Dark tobacco acreage was 60 percent set, compared with 81 percent last year and the average of 76. Condition of set tobacco was reported as 1 percent very poor, 2 percent poor, 30 percent fair, 55 percent good, and 12 percent excellent.

About 90 percent of tobacco plants were less than 12 inches high with 10 percent 12-24 inches in height.

Barley harvest was 33 percent complete at the end of the week, slightly behind last year’s 44 percent and the average of 49. Most producers expect a good quality crop.

Wheat harvest is expected to begin the week of June 15, although continued warm weather may move up the harvesting date. Some reported wheat was turning color. Head scab and blight may affect yield and test weight and armyworms were a problem in a few areas.

Most expectations are for excellent yields on wheat. Condition was reported as 1 percent very poor, 2 percent poor, 20 percent fair, 53 percent good and 24 percent excellent.

Rain in northeast areas made hay harvest difficult but conditions improved toward the end of the week for making hay. Pastures were in mostly fair to good condition and were rated 2 percent very poor, 7 percent poor, 28 percent fair, 50 percent good and 13 percent excellent.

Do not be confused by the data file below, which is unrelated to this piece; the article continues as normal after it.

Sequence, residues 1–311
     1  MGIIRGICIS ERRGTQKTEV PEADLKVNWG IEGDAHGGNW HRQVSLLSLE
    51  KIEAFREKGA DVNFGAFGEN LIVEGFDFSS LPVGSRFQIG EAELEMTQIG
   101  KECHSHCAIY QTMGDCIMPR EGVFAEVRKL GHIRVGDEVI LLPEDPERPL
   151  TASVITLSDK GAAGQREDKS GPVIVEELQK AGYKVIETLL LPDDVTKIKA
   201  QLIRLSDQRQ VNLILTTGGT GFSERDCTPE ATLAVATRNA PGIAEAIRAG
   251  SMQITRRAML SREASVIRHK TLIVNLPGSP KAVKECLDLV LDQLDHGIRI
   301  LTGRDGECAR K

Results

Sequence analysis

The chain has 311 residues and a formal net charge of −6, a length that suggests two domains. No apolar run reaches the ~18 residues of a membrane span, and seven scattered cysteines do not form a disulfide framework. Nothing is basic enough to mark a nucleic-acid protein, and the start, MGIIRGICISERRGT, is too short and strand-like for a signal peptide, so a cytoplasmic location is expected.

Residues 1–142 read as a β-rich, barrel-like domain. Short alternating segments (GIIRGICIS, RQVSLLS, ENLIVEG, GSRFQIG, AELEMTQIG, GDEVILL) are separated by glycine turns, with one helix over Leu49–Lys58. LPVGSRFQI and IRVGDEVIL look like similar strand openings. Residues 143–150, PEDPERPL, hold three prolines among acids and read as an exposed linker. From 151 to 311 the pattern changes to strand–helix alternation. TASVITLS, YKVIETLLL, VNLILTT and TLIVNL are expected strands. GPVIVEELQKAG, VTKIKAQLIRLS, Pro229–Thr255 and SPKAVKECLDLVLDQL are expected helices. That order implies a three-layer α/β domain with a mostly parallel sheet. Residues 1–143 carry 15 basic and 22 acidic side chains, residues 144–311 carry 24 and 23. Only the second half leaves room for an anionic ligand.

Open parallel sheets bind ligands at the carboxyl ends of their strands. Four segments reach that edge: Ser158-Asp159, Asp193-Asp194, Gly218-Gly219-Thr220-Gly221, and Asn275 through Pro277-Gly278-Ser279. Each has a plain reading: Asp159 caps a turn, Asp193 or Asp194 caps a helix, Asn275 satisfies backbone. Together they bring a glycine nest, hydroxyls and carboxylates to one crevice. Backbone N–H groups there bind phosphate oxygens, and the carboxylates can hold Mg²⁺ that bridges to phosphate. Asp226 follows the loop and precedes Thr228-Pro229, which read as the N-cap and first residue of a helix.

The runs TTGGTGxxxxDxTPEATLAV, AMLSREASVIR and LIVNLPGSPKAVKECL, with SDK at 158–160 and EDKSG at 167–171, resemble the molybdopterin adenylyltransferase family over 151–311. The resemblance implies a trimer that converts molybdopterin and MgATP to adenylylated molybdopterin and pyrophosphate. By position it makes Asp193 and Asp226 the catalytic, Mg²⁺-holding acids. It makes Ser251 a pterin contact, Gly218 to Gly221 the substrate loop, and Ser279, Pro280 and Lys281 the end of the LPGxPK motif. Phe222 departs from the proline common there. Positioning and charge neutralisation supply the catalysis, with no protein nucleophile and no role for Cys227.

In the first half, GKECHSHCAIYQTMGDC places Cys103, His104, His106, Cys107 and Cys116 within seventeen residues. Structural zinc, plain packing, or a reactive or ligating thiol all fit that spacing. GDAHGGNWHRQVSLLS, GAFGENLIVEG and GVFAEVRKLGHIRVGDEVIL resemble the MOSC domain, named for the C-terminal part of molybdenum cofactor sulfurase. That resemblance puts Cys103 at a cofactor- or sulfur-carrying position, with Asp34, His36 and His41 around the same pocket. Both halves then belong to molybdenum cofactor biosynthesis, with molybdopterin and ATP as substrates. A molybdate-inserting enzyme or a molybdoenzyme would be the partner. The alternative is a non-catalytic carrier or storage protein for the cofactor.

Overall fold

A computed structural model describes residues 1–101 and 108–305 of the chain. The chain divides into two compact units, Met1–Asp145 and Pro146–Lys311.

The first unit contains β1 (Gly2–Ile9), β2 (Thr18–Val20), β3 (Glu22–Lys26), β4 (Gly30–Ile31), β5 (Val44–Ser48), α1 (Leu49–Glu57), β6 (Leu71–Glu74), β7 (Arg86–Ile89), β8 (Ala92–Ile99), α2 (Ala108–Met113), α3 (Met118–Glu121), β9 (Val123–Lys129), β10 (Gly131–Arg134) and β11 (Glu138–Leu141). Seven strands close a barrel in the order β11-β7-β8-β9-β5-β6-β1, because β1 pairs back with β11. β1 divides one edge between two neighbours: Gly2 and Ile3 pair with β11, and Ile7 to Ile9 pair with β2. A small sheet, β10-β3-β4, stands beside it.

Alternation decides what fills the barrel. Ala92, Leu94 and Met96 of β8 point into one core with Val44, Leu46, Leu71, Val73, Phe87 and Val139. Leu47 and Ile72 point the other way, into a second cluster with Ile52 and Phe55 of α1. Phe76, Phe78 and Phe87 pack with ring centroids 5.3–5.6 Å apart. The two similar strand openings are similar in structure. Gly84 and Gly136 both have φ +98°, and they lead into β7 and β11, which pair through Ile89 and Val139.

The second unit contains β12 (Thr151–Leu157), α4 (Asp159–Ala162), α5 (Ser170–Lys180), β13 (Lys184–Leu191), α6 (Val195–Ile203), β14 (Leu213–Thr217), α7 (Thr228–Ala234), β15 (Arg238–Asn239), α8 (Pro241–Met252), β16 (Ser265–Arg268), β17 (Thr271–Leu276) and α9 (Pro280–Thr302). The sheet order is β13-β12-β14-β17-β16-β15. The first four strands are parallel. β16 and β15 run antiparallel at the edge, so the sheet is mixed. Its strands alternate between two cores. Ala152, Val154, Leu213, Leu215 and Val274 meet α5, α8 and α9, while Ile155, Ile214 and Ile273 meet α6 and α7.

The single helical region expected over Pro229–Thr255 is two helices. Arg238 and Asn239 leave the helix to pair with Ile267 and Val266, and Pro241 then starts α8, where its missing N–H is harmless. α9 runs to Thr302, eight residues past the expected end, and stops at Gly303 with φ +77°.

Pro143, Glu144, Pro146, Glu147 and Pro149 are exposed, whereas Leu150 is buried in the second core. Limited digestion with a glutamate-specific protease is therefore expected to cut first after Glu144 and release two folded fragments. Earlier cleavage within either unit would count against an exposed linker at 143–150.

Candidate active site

Grain sorghum planting advanced to 50 percent complete, well behind last year and the average.


Soybean producers made excellent progress last week and have planted most of their full season beans and are waiting for wheat harvest to plant the remainder of the crop. Although development is a week behind last year's early planted crop, over three-fourths of the crop was rated in good-to-excellent condition.

As of Sunday, 98 percent of the cotton acreage had been planted with the crop rated as mostly good.

One-fourth of the states' tobacco acreage remains to be transplanted, only slightly behind last year and the 5-year average.

Wheat has begun to ripen with the start of harvest to begin this week. Almost three-fourths of the wheat crop has experienced some insect or disease damage. Cutworms continued to be a problem in most crops across the state.

In addition, armyworms caused problems in some corn fields and isolated cicada damage was reported in the eastern part of the state.

The other main agricultural activities last week were harvesting hay, applying chemicals, and fly prevention on livestock. There were 6 days considered suitable for fieldwork last week.